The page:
New built-in Amazon SageMaker algorithms for tabular data modeling: LightGBM, CatBoost, AutoGluon-Tabular, and TabTransformer

Amazon SageMaker provides a suite of built-in algorithms, pre-trained models, and pre-built solution templates to help data scientists and machine learning (ML) practitioners get started on training and deploying ML models quickly. You can use these algorithms and models for both supervised and unsupervised learning. They can process various types of input data, including tabular, image, and text.

Starting today, SageMaker provides four new built-in tabular data modeling algorithms: LightGBM, CatBoost, AutoGluon-Tabular, and TabTransformer. You can use these popular, state-of-the-art algorithms for both tabular classification and regression tasks. They’re available through the built-in algorithms on the SageMaker console as well as through the Amazon SageMaker JumpStart UI inside Amazon SageMaker Studio.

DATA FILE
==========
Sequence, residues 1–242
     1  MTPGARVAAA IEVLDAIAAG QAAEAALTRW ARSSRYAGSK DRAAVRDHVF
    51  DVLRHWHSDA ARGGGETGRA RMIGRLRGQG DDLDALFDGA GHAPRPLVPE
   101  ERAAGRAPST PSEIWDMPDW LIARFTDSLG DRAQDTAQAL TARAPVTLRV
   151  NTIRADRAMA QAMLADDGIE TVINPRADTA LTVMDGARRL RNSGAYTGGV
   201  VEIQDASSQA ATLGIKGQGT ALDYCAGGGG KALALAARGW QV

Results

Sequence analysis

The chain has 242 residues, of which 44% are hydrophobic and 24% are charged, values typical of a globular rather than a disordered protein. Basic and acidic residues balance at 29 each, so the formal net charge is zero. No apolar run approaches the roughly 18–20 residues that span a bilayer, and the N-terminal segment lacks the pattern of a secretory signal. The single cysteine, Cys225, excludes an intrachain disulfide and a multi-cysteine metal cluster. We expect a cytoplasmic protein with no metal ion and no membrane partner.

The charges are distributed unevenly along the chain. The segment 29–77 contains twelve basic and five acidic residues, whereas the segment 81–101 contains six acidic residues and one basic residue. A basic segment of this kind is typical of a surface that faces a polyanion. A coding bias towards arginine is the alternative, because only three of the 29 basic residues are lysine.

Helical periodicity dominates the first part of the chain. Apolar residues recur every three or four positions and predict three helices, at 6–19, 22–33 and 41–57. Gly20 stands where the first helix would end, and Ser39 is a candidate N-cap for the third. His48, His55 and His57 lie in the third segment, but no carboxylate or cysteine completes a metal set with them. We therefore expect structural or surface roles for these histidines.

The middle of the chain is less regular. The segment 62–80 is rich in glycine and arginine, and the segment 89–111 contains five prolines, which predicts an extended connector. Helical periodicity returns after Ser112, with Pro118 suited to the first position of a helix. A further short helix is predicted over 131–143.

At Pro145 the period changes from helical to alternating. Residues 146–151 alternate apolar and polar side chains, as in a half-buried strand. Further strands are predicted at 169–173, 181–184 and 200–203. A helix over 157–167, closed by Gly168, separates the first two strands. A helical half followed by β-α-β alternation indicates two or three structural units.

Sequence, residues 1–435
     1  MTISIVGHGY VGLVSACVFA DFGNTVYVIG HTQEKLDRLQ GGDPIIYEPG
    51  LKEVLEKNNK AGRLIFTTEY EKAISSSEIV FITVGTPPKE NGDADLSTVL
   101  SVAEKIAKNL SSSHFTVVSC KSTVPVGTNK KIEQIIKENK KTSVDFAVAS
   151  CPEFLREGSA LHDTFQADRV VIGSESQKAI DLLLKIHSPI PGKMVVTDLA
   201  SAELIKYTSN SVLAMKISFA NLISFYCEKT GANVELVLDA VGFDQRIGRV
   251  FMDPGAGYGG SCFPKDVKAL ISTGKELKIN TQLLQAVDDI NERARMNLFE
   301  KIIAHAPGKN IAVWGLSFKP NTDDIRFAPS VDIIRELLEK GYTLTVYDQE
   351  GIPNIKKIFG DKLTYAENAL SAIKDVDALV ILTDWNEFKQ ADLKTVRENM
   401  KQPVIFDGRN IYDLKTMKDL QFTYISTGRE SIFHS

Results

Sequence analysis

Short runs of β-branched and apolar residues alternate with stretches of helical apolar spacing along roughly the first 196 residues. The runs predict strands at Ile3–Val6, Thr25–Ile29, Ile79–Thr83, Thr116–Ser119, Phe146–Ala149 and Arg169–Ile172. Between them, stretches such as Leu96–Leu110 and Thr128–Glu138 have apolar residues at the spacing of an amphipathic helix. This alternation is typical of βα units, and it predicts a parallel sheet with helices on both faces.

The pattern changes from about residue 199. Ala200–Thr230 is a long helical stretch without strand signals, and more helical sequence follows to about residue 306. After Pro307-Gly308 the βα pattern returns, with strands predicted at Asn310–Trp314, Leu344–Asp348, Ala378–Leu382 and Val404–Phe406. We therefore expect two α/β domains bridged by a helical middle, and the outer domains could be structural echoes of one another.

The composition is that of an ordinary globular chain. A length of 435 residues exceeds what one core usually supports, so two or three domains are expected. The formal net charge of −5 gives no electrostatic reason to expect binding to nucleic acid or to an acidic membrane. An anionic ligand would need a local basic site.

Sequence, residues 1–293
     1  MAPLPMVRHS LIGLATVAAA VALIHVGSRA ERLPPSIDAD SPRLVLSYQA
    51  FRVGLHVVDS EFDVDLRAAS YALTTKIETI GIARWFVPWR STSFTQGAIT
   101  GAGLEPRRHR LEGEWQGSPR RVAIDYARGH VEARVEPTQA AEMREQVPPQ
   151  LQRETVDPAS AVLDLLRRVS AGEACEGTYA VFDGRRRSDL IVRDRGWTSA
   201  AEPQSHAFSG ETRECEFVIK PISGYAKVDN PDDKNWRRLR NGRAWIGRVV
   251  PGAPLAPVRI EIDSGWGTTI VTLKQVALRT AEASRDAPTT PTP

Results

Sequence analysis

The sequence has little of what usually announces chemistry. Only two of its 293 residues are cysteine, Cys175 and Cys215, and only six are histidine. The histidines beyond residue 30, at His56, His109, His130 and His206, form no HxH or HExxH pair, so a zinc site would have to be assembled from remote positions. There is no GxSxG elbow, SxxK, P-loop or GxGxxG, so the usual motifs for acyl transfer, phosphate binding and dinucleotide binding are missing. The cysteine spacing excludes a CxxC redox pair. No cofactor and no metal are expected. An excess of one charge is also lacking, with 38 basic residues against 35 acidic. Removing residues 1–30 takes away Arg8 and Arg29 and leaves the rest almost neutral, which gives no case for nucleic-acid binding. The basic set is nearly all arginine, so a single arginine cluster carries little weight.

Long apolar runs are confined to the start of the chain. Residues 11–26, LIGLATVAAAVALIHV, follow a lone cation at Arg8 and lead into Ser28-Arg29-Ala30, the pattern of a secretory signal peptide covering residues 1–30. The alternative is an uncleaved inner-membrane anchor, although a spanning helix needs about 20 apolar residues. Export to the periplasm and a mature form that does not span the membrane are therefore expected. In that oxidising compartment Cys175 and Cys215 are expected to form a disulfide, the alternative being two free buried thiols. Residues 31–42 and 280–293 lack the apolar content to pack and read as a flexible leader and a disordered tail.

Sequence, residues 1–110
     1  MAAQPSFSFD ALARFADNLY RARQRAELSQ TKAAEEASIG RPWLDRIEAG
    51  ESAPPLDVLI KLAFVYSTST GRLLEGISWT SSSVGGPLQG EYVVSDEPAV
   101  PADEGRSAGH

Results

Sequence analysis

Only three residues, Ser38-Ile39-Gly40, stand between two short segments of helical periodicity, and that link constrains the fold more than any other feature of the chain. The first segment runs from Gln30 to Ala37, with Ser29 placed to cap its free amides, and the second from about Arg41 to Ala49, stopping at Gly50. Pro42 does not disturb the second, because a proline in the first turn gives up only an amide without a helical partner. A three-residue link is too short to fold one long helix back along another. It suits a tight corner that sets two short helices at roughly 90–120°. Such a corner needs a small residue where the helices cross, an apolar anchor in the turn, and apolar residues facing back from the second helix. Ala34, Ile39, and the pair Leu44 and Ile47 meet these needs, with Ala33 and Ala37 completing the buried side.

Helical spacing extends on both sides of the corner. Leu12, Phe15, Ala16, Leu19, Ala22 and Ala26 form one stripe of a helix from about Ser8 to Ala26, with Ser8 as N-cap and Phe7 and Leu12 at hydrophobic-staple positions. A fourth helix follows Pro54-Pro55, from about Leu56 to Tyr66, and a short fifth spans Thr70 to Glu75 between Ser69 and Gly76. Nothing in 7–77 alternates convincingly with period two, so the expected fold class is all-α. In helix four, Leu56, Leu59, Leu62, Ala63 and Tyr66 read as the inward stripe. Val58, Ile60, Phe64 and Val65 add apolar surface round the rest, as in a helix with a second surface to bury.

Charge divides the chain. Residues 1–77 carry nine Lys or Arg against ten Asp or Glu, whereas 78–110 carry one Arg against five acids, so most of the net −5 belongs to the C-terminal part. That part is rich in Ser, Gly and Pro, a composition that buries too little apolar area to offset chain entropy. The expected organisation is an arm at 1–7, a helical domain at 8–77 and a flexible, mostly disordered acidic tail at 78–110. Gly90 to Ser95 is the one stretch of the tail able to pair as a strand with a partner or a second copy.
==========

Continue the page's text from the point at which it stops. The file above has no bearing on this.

The following is the list of the four new built-in algorithms, with links to their documentation, example notebooks, and source.

Documentation Example Notebooks Source
LightGBM Algorithm Regression, Classification LightGBM
CatBoost Algorithm Regression, Classification CatBoost
AutoGluon-Tabular Algorithm Regression, Classification AutoGluon-Tabular
TabTransformer Algorithm Regression, Classification TabTransformer

In the following sections, we provide a brief technical description of each algorithm, and examples of how to train a model via the SageMaker SDK or SageMaker Jumpstart.


LightGBM is a popular and efficient open-source implementation of the Gradient Boosting Decision Tree (GBDT) algorithm. GBDT is a supervised learning algorithm that attempts to accurately predict a target variable by combining an ensemble of estimates from a set of simpler and weaker models. LightGBM uses additional techniques to significantly improve the efficiency and scalability of conventional GBDT.


CatBoost is a popular and high-performance open-source implementation of the GBDT algorithm. Two critical algorithmic advances are introduced in CatBoost: the implementation of ordered boosting, a permutation-driven alternative to the classic algorithm, and an innovative algorithm for processing categorical features. Both techniques were created to fight a prediction shift caused by a special kind of target leakage present in all currently existing implementations of gradient boosting algorithms.